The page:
Many people have trouble understanding how the Chip implementation works. I find it helps to draw the logic diagram(s) out on paper first.
But it also helps to understand that the Chip definition represents an outer empty shell, with labeled, or named connections (think of these as "wires").
The the Parts section are then what goes inside the box. Each part has its own named connections, and those should be wired together with the equals (=) statements. And sometimes its necessary to invent a wire name in order to complete the connection (and the connection names must be unique).
For example, the XOR gate implementation and a similar drawing is already provided in the required project 1 reading. Here's my own drawing to help visualize the "outer chip shell" and its "internal parts connections"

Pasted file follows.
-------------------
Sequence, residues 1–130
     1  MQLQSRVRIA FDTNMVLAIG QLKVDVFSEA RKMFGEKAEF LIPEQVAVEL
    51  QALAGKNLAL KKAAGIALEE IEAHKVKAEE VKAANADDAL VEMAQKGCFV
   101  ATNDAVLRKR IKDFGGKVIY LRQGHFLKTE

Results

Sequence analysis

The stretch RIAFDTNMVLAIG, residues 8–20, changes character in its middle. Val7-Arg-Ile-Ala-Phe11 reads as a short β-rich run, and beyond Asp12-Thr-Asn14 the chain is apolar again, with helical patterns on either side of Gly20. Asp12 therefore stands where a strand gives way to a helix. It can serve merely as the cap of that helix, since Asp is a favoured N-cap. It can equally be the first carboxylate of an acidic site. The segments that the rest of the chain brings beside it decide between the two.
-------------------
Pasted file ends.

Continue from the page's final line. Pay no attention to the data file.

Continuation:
Here we can see how each of the named wires should connect to each other.
The XOR chip definition has named wires, "a", "b", and "out"
One of the parts is an AND gate. It also has named wires of "a", "b" and "out".
So we can see, "a" (of the AND gate) connects to "a" (of the XOR shell), and "b" (of the AND gate) connects to a wire we've named "notb" (which is also connected to the NOT gate's "out" wire).
Remember, that each internal part must first be previously defined before it can be used in a later abstraction. If you didn't create a NOT or AND or OR gate yet, then you can't use them as Parts definitions yet. Also, you can't use same part that you are trying to create (an XOR chip can't have an XOR part, because it hasn't been created yet).